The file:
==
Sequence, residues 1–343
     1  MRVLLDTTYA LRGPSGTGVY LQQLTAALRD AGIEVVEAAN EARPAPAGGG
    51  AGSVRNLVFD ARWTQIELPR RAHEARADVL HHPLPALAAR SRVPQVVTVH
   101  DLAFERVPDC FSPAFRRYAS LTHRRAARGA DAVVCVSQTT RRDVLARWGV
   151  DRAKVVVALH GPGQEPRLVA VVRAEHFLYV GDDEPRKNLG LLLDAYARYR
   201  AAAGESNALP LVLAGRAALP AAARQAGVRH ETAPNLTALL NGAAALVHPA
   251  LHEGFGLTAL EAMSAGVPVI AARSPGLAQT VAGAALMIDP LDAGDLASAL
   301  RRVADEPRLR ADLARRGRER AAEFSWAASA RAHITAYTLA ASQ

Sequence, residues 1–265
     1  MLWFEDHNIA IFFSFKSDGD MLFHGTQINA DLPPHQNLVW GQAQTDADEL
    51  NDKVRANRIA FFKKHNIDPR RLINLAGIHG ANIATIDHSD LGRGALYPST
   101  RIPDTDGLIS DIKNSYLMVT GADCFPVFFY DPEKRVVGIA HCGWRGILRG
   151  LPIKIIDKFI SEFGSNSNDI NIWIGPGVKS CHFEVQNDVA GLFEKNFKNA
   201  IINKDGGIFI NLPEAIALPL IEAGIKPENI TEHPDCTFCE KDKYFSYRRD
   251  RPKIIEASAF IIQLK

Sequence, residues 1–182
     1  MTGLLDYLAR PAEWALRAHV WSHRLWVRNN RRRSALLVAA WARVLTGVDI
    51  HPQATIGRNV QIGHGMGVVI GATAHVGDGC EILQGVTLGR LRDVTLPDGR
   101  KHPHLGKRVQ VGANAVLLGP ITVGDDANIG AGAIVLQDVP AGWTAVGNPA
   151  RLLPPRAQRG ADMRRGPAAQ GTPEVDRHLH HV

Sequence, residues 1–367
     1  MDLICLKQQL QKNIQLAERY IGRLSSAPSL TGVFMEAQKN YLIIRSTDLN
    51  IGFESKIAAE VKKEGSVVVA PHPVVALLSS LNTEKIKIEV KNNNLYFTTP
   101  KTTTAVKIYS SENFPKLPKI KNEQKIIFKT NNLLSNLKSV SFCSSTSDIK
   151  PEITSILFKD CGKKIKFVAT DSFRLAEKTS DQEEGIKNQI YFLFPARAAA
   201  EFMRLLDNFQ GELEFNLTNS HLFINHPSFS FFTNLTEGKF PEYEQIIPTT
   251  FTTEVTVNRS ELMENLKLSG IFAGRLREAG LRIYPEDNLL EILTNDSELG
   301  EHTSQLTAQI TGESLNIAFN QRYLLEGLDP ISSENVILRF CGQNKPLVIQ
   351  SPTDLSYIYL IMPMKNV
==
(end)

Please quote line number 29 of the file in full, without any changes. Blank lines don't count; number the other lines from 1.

   351  SPTDLSYIYL IMPMKNV